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Do you always use a mortgage broker?

(32 Posts)
CrapBag Fri 21-Feb-14 22:13:03

Currently selling our house and going to be buying as well. Our current mortgage provider has told us what we can borrow and what rates are but I have looked on money supermarket and have seen better interest rates although I can't guarantee they would accept us, although I don't think it would be a problem. I spoke to or adviser on the phone and he said stay with our current provider (nationwide) as they aren't the worse ones out there.

Would you shop around yourself (and if so where?), stick with your current provider or go to a broker? What have you done in the past?

idinnehaveaclue Fri 21-Feb-14 22:38:30

No never.

In the process of buying our last house, we approached a broker who was very helpful. I found a capped mortgage with the Co-op that he couldn't match. That house then fell through. For the house we bought, I found a tracker offset with First Direct. Again, he couldn't match it.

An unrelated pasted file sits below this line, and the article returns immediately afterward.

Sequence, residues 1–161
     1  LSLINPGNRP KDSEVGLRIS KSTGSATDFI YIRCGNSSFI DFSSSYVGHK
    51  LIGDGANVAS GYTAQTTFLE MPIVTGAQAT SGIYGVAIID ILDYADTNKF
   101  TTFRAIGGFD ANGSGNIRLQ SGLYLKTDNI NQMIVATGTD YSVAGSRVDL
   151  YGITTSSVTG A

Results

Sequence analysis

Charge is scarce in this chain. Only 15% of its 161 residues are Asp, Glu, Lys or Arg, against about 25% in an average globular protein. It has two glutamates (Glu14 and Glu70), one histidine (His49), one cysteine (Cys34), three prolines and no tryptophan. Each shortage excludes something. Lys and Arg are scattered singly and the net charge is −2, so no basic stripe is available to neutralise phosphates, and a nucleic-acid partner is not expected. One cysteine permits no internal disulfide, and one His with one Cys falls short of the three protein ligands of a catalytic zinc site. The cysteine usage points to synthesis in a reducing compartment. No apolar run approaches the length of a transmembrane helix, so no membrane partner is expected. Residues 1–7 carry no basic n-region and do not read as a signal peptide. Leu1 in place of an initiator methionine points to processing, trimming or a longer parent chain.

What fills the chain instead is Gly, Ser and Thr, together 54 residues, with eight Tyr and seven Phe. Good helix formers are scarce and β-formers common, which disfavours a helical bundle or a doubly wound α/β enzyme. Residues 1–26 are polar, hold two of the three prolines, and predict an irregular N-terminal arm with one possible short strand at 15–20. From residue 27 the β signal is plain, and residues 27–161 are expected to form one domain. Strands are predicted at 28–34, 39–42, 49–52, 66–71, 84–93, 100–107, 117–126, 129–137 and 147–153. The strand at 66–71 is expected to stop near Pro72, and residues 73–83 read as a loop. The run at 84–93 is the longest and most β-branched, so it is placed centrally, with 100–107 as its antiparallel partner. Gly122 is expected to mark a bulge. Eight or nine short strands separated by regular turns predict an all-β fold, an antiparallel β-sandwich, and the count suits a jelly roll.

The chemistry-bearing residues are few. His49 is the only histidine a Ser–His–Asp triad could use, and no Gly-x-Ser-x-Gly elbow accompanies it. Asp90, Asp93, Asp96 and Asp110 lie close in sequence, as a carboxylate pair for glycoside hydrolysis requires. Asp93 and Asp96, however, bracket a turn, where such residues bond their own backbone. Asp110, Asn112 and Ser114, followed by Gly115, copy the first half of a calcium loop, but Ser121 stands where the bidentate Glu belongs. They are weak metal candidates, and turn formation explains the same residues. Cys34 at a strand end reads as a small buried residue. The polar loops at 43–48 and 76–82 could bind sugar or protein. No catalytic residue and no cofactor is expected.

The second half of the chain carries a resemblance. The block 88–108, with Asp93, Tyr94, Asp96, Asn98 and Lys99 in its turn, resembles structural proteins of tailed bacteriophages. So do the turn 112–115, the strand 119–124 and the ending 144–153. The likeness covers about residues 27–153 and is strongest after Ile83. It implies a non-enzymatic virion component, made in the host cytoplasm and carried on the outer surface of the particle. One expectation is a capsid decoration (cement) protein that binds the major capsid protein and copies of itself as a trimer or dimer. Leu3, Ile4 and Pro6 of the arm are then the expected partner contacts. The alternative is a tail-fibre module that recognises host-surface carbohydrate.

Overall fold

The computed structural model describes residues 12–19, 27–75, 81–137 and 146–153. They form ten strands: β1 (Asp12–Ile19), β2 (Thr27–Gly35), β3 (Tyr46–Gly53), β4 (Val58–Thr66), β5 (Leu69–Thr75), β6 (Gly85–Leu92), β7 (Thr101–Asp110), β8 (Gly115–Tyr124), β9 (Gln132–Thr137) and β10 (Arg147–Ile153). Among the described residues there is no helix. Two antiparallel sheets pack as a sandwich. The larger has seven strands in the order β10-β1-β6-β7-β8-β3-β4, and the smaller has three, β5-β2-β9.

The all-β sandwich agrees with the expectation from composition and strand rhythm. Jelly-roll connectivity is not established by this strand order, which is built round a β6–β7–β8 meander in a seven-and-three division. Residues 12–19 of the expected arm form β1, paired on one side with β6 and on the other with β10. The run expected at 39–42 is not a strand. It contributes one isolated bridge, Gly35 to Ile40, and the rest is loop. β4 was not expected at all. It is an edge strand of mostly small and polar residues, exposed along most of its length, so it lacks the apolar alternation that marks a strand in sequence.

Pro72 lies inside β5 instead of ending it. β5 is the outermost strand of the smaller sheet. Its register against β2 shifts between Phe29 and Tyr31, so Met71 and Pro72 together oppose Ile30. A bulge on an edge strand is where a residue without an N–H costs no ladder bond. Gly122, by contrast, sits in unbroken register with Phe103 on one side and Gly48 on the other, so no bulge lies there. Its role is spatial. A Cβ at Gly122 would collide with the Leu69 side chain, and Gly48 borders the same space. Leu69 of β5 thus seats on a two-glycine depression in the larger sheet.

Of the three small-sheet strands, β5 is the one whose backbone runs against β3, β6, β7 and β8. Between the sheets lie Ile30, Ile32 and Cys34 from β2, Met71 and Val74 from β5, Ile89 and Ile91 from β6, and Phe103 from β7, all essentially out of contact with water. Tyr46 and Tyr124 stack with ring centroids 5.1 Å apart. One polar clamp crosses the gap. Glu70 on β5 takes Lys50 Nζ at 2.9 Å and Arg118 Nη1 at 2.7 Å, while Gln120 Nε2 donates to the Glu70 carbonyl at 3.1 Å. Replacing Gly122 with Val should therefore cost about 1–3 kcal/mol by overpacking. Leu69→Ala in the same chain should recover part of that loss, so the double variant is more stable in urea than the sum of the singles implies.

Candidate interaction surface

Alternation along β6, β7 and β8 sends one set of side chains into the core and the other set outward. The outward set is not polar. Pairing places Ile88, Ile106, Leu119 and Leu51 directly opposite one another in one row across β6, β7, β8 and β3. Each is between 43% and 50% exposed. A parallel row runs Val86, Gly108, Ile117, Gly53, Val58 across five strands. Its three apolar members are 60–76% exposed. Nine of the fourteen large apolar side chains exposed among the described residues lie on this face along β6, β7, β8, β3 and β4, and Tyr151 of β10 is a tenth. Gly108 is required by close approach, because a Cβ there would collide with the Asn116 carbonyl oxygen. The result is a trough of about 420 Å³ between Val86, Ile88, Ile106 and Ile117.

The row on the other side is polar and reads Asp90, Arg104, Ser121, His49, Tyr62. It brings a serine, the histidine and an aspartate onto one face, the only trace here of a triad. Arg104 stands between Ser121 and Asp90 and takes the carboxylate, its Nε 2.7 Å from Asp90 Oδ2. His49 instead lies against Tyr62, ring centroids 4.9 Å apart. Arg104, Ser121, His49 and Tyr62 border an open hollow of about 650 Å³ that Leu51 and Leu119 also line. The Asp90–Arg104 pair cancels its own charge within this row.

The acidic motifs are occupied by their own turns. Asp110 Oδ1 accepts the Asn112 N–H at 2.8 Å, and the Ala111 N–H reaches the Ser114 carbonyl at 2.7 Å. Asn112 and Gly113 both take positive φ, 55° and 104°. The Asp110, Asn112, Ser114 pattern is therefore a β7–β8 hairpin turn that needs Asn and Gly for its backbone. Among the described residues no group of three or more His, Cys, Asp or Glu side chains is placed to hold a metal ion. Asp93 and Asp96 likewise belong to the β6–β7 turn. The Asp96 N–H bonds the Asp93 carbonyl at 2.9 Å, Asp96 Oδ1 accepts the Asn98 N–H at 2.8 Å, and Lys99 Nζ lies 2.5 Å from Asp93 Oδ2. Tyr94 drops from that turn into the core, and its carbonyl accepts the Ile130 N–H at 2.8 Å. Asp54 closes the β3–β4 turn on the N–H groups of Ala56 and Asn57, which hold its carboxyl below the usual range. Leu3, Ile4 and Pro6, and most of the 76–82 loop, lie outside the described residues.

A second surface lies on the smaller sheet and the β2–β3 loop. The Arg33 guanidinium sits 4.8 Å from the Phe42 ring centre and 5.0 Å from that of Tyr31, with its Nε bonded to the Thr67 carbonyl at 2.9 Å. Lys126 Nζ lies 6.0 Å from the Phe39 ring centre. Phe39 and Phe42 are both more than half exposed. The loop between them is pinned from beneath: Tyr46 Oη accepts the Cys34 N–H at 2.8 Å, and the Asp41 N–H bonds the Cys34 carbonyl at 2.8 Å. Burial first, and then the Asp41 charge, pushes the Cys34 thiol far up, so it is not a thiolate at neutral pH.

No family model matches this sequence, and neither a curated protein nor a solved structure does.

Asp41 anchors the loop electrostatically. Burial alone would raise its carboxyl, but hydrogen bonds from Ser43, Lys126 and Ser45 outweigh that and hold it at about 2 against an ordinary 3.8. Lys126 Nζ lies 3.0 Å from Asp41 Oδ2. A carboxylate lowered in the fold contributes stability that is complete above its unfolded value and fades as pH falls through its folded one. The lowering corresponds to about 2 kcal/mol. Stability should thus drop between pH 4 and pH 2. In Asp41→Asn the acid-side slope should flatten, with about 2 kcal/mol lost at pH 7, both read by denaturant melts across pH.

I would see one again but also do your homework. Money Saving Expert, Money Supermarket and Motley Fool are all good sites. Just googling chucks stuff up too.

First Direct are the absolute nuts though so have a look at their rates.

Best of luck.

Theironfistofarkus Fri 21-Feb-14 22:41:27

I researched my own mortgages but useful to have a broker to push for you provided you don't pay them

GoodnessIsThatTheTime Fri 21-Feb-14 22:43:40

Yes. I researched first and then checked what he suggested after.

He had access to non high street deals and also some fantastic recommendations. Has literally saved us thousands.

CrapBag Fri 21-Feb-14 22:54:18

First Direct have been coming up on some of my searches actually so good to hear they are recommended.

How do you see them and not pay them though?

How much do they normally charge?

BellaI Fri 21-Feb-14 23:54:23

I paid mine £199. They will also get a % from the bank when mortgage goes through. The headline rates often look good but the fees can make them very expensive. Also you can wait longer to get an agreement from them. The broker can have better contact process and negotiate extensions, shorter terms etc.

GoodnessIsThatTheTime Fri 21-Feb-14 23:59:04

Broker was very quick. They took a percentage of the rate I'd have had have paid to take the mortgage out anyway.

I've recommended ours to several people saying they can see what he says and chose whether to accept or not. They all have!!

lessonsintightropes Sat 22-Feb-14 00:50:52